Creation’s Equality in Rights
In the July 17 and 18 entries, Rossetti tells the story of waiting for a strawberry she wants to ripen, only to find it “half eaten and good for nothing” by a snail (pg. 137). She exhorts herself in the July 18th passage: “…why should not they [snails and similar creatures] have a share in strawberries? Man is very apt to contemplate himself out of all proportion to his surroundings: true he is ‘much better than they,’ yet have they also their assigned providence and guaranteed dues.” (pg. 137) This entry will remind the reader of a point Rossetti has already made in the July 5th entry – the creature has “just as clear a right” to any earthly “portion of delight”. Rossetti alludes to Genesis, in which God tells man that they are to “subdue” the earth and “have dominion over the fish of the sea and over the birds of the heavens and over every living thing that moves on the earth” (Genesis 1:28). While Rossetti is acknowledging this, she is not justifying humanity’s mistreatment of creation, as creation also has “their assigned providence and guaranteed dues.” We know that Rossetti was very involved in protesting vivisection, or experimental surgery on living animals, and this entry would directly address this issue to the readers of the time. Rossetti specifically mentions in this entry that “science pares away at the living creature bodily,” and then ends with a reference from Jeremiah (Jer. 5:31) warning the nation of Israel of their impending judgement: “what will ye do in the end thereof” (pg. 138) or “what will you do when the end comes?” Rossetti is warning the scientists of her time that might justify the harm of a living creature for their own gain.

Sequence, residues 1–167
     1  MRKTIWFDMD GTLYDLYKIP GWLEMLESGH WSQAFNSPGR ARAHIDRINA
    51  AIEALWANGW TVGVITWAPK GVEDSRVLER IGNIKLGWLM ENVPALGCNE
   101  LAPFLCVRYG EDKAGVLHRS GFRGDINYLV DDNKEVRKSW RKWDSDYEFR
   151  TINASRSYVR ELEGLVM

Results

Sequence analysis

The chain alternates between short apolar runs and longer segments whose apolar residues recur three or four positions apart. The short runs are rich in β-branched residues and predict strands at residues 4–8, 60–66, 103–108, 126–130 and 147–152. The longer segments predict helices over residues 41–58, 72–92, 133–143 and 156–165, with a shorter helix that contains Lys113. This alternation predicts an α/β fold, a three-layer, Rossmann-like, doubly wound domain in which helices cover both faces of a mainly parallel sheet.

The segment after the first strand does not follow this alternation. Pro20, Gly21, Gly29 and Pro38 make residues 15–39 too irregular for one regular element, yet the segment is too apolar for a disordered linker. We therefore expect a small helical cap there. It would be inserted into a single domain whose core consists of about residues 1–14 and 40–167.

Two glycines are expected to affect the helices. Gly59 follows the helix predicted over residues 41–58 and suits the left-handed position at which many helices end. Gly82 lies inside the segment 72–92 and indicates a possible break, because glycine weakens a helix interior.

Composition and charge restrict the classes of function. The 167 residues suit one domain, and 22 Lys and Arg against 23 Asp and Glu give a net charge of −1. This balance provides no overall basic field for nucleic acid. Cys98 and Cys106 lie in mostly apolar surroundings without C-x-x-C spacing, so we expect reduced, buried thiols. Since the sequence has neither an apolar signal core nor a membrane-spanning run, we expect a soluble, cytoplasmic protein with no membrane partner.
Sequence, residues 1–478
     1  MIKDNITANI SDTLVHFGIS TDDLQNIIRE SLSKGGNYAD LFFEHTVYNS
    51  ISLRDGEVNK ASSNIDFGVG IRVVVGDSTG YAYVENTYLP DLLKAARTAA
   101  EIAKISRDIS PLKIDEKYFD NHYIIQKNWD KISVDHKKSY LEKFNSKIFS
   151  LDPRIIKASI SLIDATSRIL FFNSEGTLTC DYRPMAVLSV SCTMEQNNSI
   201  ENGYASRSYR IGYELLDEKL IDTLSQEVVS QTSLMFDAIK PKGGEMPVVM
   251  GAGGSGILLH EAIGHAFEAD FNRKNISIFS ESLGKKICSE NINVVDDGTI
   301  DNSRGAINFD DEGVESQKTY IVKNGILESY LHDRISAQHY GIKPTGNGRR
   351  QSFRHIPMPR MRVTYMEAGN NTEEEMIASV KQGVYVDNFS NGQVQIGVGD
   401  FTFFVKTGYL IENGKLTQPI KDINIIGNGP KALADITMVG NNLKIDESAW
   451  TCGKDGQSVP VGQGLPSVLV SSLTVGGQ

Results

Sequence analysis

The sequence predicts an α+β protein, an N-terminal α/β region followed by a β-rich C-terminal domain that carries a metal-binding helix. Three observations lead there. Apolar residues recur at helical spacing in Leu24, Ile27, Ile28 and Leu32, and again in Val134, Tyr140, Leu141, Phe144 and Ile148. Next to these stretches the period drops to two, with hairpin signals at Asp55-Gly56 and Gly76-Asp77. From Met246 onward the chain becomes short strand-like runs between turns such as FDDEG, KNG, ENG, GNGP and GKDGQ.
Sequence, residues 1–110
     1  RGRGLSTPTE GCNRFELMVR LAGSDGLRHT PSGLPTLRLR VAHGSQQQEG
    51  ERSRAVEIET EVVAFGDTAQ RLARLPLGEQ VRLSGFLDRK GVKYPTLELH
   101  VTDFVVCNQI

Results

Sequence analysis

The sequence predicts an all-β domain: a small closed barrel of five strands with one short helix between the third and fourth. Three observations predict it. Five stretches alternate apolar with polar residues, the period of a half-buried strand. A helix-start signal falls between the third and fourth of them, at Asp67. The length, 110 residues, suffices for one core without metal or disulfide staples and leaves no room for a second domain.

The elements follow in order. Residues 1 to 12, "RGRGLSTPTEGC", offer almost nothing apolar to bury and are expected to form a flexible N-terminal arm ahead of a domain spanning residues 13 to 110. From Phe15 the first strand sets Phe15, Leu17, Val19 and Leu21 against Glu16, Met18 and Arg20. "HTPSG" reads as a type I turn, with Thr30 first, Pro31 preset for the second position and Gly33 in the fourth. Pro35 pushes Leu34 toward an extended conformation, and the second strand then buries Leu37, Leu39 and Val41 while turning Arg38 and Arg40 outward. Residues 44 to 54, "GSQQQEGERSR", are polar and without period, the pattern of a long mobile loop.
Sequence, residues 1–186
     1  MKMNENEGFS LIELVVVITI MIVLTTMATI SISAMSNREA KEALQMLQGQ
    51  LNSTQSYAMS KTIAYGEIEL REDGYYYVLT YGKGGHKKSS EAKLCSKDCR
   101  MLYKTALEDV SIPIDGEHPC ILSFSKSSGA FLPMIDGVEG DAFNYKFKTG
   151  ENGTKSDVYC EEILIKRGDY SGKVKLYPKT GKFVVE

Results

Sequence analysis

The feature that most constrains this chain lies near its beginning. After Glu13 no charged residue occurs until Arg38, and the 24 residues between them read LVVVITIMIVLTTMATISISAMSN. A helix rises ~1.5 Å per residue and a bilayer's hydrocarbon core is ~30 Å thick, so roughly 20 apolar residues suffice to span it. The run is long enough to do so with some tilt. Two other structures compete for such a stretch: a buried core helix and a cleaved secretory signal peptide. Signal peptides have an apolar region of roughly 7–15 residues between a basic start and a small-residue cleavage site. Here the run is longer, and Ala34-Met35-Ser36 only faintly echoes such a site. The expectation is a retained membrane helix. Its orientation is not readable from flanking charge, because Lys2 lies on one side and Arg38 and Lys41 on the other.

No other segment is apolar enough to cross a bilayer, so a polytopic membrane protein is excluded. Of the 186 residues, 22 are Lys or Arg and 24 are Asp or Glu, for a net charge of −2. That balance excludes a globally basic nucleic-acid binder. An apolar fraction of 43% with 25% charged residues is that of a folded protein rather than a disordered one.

A reader working through Time Flies will quickly see that Rossetti took correct treatment of creation very seriously. To Rossetti, this is not just a trend or a movement, but a genuine conviction of how humans should respect and care for creation. As the reader continues through the July entries, they begin to see the extent to which Rossetti believes this to be a social and spiritual issue, and potentially even evokes a sense of change in the reader to think more deeply about the thoughts and practices that are accepted concerning creation.
While not pursued in this post, Rossetti’s Tractarian ideas are evident throughout her work. It would be beneficial to analyze significant ways in which these ideas of communion and loyalty to nature present themselves in Rossetti’s work. Time Fliescan not only be used to understand Rossetti’s emphasis on ecology and faith, but can be studied to understand Tractarian ideas as they present themselves in poetry.